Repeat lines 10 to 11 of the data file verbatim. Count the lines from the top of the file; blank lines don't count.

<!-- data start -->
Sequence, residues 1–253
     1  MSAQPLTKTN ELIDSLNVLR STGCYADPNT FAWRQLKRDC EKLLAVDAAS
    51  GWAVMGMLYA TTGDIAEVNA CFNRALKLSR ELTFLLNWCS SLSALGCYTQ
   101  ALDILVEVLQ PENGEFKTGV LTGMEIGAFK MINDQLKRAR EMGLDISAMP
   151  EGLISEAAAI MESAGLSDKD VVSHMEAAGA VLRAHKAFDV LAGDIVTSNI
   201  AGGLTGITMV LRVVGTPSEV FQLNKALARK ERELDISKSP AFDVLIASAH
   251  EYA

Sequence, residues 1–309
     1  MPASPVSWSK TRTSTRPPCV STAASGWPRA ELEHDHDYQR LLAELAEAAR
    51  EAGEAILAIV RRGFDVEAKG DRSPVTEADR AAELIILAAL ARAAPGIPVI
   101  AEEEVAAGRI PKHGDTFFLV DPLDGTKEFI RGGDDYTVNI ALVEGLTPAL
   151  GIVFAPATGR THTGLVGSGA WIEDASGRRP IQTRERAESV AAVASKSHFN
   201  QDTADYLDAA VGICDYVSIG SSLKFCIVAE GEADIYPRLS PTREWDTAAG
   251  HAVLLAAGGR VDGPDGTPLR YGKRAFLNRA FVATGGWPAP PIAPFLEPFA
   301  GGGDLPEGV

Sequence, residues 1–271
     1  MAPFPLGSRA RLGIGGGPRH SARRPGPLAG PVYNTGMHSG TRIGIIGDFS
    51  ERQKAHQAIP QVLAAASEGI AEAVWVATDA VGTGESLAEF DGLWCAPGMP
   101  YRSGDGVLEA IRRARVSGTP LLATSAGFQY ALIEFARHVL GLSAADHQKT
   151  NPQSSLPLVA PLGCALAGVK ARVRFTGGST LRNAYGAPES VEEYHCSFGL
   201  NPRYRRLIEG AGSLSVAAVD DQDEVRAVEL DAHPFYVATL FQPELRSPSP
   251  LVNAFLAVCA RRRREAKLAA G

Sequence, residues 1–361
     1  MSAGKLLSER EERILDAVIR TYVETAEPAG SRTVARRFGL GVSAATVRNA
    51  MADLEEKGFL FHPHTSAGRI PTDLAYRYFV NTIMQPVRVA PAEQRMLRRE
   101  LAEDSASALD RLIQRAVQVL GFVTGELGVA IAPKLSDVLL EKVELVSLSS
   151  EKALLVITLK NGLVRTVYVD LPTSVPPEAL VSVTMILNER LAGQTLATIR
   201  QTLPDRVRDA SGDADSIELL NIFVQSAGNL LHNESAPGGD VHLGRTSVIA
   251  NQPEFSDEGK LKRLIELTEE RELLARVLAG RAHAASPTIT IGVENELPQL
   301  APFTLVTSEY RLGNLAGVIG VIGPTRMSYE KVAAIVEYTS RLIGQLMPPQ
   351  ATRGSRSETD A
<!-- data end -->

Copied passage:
    51  EAGEAILAIV RRGFDVEAKG DRSPVTEADR AAELIILAAL ARAAPGIPVI
   101  AEEEVAAGRI PKHGDTFFLV DPLDGTKEFI RGGDDYTVNI ALVEGLTPAL